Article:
Find out more about ADR and telecom complaints
While many of us use our phones and broadband without any problems, sometimes issues will crop up which will force us to make a complaint.
In some cases, where a complaint cannot be resolved with a provider, you have a right to use an Alternative Dispute Resolution (ADR) scheme.
The following explains more about ADR schemes, what they do and when you should contact them.
I’ve got a problem. What should I do first?
Initially you need to contact your service provider’s customer services department and explain your problem.
If that doesn’t resolve the issue, then you can make a formal complaint to the company.
You should find details of how to do this on the back of your bill and on their website.
If you can’t find these details, the company’s customer service staff should tell you how to make a formal complaint.
What if this doesn’t solve the problem?
The next step is to take your dispute to the appropriate ADR scheme.
ADR schemes act as an independent middleman between the service provider and the customer when an initial complaint cannot be resolved.
They’re free and open to residential customers as well as small businesses with up to 10 employees.
Examples of complaints the schemes can consider include disputed charges appearing on a bill, refund claims and the handling of a complaint.
When can I do this?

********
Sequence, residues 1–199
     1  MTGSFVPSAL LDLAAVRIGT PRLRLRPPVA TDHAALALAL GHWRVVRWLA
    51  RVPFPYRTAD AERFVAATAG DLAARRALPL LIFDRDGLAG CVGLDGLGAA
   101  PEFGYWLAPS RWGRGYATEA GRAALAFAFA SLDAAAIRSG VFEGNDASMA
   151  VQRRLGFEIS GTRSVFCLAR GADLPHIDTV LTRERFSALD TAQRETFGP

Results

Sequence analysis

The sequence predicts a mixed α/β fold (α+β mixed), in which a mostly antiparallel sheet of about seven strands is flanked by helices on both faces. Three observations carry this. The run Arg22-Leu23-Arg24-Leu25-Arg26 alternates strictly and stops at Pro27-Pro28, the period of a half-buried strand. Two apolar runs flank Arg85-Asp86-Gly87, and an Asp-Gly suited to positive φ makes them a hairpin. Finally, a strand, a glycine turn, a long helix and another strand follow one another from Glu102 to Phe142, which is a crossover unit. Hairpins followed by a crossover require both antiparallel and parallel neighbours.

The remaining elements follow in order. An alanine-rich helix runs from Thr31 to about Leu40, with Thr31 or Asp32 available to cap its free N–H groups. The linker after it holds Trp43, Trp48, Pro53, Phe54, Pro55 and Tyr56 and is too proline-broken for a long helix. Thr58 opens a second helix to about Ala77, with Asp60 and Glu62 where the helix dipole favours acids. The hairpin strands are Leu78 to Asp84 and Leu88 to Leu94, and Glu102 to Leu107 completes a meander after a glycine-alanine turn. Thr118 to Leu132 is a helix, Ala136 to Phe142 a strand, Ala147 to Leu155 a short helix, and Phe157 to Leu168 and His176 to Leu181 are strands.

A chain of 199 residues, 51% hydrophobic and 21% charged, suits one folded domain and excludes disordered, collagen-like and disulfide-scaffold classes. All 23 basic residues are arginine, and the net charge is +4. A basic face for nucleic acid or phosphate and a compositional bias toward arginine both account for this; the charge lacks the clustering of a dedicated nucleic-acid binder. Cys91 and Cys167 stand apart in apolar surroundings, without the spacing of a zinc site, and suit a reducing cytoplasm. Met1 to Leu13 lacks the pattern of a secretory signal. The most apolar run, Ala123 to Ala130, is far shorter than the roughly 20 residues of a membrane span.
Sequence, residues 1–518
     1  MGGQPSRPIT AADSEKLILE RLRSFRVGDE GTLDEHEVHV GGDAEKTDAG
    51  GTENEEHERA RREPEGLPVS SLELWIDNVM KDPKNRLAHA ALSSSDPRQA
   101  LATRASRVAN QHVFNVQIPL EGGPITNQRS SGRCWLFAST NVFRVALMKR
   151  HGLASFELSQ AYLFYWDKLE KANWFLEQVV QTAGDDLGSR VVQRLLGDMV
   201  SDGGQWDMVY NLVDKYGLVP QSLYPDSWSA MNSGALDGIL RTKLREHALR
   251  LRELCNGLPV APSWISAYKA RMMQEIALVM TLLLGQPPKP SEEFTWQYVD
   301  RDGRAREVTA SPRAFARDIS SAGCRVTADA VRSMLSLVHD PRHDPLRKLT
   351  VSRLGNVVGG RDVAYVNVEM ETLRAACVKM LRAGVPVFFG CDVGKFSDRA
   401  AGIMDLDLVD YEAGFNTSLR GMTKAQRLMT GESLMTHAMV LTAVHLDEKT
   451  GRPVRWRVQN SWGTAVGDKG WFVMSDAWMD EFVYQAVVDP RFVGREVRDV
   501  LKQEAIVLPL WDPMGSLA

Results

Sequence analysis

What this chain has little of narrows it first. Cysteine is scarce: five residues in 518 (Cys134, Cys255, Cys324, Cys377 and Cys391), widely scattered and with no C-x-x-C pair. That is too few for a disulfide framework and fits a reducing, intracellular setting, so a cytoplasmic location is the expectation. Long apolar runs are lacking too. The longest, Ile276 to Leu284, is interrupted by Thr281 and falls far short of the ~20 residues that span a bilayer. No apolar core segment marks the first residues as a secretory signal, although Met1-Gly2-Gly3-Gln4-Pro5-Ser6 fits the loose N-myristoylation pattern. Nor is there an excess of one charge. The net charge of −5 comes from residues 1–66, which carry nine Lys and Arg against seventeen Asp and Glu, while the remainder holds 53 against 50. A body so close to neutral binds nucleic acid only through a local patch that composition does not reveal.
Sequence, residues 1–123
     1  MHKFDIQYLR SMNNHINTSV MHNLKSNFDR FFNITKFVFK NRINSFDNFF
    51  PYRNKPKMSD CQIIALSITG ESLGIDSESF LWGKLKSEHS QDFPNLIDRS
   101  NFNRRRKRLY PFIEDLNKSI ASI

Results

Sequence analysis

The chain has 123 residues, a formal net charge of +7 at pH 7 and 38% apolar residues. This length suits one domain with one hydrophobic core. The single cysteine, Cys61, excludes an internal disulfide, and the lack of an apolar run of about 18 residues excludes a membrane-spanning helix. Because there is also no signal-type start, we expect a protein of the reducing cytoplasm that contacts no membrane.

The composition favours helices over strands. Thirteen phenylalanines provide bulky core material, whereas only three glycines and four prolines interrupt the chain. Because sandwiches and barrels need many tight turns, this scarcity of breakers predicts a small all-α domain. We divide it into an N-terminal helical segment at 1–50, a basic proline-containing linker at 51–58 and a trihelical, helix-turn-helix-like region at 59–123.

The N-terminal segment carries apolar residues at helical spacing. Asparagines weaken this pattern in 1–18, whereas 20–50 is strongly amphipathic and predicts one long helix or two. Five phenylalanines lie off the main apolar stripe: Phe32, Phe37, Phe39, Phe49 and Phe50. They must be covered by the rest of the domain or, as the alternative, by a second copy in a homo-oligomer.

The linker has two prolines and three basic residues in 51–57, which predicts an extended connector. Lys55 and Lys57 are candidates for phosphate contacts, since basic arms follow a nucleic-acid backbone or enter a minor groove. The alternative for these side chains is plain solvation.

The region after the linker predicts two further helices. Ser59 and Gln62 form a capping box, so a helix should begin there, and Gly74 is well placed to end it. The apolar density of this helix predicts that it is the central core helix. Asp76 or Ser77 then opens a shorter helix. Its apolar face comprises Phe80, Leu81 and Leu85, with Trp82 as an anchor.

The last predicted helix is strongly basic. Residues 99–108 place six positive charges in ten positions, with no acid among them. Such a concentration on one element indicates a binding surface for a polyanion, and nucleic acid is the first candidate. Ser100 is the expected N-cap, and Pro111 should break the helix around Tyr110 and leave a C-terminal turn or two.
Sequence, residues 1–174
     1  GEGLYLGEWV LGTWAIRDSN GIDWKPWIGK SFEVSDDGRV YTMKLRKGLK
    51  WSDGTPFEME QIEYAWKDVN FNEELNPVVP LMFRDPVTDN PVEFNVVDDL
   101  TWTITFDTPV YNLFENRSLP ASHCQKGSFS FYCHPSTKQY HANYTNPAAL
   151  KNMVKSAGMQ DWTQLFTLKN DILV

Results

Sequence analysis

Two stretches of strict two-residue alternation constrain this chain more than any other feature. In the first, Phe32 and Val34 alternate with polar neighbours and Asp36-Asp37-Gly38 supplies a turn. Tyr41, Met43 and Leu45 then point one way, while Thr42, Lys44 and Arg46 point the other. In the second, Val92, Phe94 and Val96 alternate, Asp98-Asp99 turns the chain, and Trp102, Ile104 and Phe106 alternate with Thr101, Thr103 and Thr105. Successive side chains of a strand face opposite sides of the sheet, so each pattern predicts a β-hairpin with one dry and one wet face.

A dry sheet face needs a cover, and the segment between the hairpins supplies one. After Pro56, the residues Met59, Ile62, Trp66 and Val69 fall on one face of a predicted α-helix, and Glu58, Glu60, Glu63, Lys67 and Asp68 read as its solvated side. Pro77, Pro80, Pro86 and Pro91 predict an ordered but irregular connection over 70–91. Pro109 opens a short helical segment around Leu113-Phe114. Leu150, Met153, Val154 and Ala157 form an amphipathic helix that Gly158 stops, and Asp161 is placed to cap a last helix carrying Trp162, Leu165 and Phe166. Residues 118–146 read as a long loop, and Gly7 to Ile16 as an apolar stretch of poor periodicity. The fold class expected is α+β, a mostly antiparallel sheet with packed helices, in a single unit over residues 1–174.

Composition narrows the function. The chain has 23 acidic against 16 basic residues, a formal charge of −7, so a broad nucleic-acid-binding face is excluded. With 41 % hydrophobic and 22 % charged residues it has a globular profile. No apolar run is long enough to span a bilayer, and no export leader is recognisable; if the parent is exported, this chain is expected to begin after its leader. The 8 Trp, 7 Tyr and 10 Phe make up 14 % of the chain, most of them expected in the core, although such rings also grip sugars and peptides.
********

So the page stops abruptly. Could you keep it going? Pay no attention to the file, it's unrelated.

If you haven’t reached an agreement with your provider after eight weeks you can ask an ADR scheme to consider the case.
However, you can contact an ADR scheme earlier if your service provider agrees you’re at a stalemate. If this is the case you will need to ask your provider for a deadlock letter which allows you to refer the dispute to the ADR scheme. The complaint must also be less than 9 months old.
What will the ADR do?
It will look at your arguments, and your provider’s, and come to a decision it thinks is fair. If the ADR scheme agrees with your complaint it can order the service provider to fix the problem and, if needed, pay compensation.
There are two ADR schemes – Communications and Internet Services Adjudication Scheme (CISAS) and Ombudsman Services: Communications - and all service providers must belong to one of these schemes.
You can use the Ofcom ADR checker to see which provider belongs to which scheme. It is a long list so the easiest way to find your provider is to press the Ctrl and F keys at the same time and then type your provider’s name into the search box.
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